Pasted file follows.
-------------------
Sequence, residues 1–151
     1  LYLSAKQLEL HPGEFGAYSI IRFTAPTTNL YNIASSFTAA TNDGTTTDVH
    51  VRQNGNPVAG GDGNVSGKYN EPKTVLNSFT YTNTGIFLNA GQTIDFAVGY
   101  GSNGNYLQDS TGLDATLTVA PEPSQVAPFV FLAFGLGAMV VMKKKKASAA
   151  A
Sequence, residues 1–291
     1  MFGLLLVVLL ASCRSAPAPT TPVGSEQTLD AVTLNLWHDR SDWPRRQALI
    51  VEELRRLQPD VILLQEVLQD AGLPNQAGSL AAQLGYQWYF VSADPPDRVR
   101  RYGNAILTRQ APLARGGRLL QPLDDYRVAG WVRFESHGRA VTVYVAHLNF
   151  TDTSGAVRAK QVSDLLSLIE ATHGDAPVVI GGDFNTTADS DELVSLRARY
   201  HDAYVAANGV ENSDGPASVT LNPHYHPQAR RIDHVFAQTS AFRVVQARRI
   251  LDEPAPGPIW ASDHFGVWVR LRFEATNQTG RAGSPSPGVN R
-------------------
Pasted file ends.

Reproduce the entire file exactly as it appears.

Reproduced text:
Sequence, residues 1–151
     1  LYLSAKQLEL HPGEFGAYSI IRFTAPTTNL YNIASSFTAA TNDGTTTDVH
    51  VRQNGNPVAG GDGNVSGKYN EPKTVLNSFT YTNTGIFLNA GQTIDFAVGY
   101  GSNGNYLQDS TGLDATLTVA PEPSQVAPFV FLAFGLGAMV VMKKKKASAA
   151  A
Sequence, residues 1–291
     1  MFGLLLVVLL ASCRSAPAPT TPVGSEQTLD AVTLNLWHDR SDWPRRQALI
    51  VEELRRLQPD VILLQEVLQD AGLPNQAGSL AAQLGYQWYF VSADPPDRVR
   101  RYGNAILTRQ APLARGGRLL QPLDDYRVAG WVRFESHGRA VTVYVAHLNF
   151  TDTSGAVRAK QVSDLLSLIE ATHGDAPVVI GGDFNTTADS DELVSLRARY
   201  HDAYVAANGV ENSDGPASVT LNPHYHPQAR RIDHVFAQTS AFRVVQARRI
   251  LDEPAPGPIW ASDHFGVWVR LRFEATNQTG RAGSPSPGVN R